Author: B.A. Paris
Published: July 13, 2021
Reviewed By: Jessica
Dates Read: August 25 -31, 2021
Jessica’s Rating: 2 stars
When Alice and Leo move into a newly renovated house in The Circle, a gated community of exclusive houses, it is everything they’ve dreamed of. But appearances can be deceptive…
As Alice is getting to know her neighbours, she discovers a devastating secret about her new home, and begins to feel a strong connection with Nina, the therapist who lived there before.
Alice becomes obsessed with trying to piece together what happened two years before. But no one wants to talk about it. Her neighbors are keeping secrets and things are not as perfect as they seem…
I am a B.A. Paris fan and have really enjoyed all her other books, until The Therapist. This one was just lackluster as it moved very slowly for me. I also did not connect with Alice and she just seemed too caught up in trying to figure out what really happened to the former resident Nina, who was murdered in the apartment. Once Alice found out about Nina’s murder after moving in, she stayed?!?!?! Leo didn’t bother to tell her when he bought the house!?!?! WHAT!?!?!? Yeah, they totally don’t have a good relationship.
Maybe it was that I listened to the audiobook on this one and have actually read the others. Sometimes audiobooks are hit or miss. I just had no feeling of suspense listening to The Therapist and by the time we got to the ending I wasn’t shocked or really cared with this one.
Since I have enjoyed all of her other novels, I will continue to read anything else she writes. I highly recommend her first novel: Behind Closed Doors. Read that one!
The German House
Author: Annette Hess
Published: December 3, 2019
Reviewed By: Kim
Kim’s Rating: 2 stars
Set against the Frankfurt Auschwitz Trials of 1963, Annette Hess’s international bestseller is a harrowing yet ultimately uplifting coming-of-age story about a young female translator—caught between societal and familial expectations and her unique ability to speak truth to power—as she fights to expose the dark truths of her nation’s past.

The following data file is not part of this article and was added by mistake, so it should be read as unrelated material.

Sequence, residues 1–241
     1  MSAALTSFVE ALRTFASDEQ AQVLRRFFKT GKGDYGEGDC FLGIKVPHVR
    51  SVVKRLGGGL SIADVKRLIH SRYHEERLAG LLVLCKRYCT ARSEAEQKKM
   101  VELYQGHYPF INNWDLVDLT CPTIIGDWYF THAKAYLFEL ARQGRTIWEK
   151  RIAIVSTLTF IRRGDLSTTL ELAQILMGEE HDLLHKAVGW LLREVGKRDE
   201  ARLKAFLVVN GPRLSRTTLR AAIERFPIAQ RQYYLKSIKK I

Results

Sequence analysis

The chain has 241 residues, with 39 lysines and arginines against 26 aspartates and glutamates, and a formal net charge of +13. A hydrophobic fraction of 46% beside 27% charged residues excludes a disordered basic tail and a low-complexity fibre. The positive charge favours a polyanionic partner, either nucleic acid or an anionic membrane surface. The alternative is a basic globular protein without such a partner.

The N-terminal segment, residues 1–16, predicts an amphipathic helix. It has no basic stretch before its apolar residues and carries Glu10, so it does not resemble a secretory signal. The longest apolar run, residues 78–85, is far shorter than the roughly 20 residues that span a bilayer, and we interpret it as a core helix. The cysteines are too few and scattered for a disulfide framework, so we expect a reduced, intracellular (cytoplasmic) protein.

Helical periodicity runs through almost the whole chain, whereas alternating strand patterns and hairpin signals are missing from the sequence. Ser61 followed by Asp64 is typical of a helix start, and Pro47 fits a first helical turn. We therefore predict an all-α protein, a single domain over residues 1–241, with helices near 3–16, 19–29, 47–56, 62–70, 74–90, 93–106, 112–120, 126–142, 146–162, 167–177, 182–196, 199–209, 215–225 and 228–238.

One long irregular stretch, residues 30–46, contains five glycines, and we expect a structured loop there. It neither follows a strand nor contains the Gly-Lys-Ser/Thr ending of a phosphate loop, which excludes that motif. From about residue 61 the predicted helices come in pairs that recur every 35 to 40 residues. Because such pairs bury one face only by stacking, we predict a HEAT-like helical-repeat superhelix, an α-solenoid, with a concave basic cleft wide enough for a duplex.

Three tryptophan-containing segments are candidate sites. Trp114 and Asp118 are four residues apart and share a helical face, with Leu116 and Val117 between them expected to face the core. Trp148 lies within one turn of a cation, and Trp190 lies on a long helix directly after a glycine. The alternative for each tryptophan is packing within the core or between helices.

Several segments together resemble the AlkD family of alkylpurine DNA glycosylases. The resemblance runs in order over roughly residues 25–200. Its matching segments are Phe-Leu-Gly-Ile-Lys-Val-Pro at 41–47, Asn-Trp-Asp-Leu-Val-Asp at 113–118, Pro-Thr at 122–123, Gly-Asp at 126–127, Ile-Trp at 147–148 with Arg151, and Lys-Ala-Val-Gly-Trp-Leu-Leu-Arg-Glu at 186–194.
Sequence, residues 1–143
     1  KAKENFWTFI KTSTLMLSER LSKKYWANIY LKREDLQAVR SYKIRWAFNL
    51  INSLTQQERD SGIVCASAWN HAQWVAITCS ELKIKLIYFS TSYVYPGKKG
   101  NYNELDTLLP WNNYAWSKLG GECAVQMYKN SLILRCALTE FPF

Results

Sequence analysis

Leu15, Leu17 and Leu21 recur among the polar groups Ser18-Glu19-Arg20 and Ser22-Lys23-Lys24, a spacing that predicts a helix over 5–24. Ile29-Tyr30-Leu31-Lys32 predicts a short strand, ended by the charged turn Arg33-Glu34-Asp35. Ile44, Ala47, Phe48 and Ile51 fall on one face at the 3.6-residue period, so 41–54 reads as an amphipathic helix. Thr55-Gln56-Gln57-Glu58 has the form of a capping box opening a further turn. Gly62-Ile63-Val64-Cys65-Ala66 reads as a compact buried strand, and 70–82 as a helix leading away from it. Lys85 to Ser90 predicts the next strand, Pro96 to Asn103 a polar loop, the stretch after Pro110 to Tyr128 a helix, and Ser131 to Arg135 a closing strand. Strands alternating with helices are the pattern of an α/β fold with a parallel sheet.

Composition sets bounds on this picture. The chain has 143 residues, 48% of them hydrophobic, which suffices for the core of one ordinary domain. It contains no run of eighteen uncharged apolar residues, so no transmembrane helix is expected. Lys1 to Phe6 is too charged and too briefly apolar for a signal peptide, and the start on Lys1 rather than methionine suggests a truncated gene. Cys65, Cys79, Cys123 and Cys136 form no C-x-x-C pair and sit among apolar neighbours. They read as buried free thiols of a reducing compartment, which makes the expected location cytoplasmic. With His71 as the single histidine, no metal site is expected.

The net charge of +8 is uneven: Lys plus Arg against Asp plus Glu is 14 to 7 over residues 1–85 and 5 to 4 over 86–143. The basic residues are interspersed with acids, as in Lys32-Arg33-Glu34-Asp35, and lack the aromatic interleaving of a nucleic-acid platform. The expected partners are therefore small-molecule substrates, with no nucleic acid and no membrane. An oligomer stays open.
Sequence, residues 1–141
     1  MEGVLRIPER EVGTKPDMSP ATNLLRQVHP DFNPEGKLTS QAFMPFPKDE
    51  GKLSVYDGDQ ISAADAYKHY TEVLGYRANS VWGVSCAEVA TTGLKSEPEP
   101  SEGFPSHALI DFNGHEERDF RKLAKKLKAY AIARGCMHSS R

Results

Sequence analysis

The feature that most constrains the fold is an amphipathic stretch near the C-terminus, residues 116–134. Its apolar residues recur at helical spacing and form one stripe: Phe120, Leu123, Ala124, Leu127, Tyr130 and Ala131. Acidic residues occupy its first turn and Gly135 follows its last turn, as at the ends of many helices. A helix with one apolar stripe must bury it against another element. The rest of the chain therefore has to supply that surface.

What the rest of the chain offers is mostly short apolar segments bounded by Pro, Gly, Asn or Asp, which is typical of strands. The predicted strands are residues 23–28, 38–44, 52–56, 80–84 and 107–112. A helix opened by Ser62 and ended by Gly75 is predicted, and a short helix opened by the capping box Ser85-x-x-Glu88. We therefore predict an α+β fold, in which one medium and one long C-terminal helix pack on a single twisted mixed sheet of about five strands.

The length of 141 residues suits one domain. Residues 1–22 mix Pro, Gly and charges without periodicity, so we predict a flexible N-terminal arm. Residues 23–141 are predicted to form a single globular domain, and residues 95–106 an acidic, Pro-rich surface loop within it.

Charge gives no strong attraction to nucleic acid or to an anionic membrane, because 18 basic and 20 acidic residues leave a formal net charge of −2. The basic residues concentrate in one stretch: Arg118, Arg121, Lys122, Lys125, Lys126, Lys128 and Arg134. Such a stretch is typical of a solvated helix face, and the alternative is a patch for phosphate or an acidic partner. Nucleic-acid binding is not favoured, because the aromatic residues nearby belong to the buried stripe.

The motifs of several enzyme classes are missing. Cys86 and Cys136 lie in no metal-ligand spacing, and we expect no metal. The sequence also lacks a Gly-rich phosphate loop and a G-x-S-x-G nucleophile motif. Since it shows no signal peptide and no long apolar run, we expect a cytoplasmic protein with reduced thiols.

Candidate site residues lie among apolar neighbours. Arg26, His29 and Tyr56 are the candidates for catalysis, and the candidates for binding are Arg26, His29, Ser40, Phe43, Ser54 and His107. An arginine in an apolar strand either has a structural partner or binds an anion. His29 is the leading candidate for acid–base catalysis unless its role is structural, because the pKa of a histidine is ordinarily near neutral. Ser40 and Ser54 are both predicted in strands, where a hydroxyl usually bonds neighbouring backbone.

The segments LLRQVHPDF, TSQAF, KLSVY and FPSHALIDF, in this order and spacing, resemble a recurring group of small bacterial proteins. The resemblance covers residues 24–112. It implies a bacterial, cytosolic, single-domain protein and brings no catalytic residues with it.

If everything your family told you was a lie, how far would you go to uncover the truth?
For twenty-four-year-old Eva Bruhns, World War II is a foggy childhood memory. At the war’s end, Frankfurt was a smoldering ruin, severely damaged by the Allied bombings. But that was two decades ago. Now it is 1963, and the city’s streets, once cratered are smooth and paved. Shiny new stores replace scorched rubble. Eager for her wealthy suitor, Jürgen Schoormann, to propose, Eva dreams of starting a new life away from her parents and sister. But Eva’s plans are turned upside down when a fiery investigator, David Miller, hires her as a translator for a war crimes trial.
As she becomes more deeply involved in the Frankfurt Trials, Eva begins to question her family’s silence on the war and her future. Why do her parents refuse to talk about what happened? What are they hiding? Does she really love Jürgen and will she be happy as a housewife? Though it means going against the wishes of her family and her lover, Eva, propelled by her own conscience , joins a team of fiery prosecutors determined to bring the Nazis to justice—a decision that will help change the present and the past of her nation.
It really hurts my heart that I have to give such a low rating to a book that centers around the Holocaust. The idea was an interesting one but the execution was not good at all. The twist was ok; it was kind of obvious by the time you got there. The characters were bland and not really likable. It seems that Eva and her fiancé are the only ones who don’t realize that they don’t belong together. David Miller, for all his passion, did nothing but hinder the legal fight against the Nazis. And the ending … ugh. There was no resolution. It literally just stopped. It was frustrating and it left a sour taste in my mouth. I really can’t recommend this book to anyone.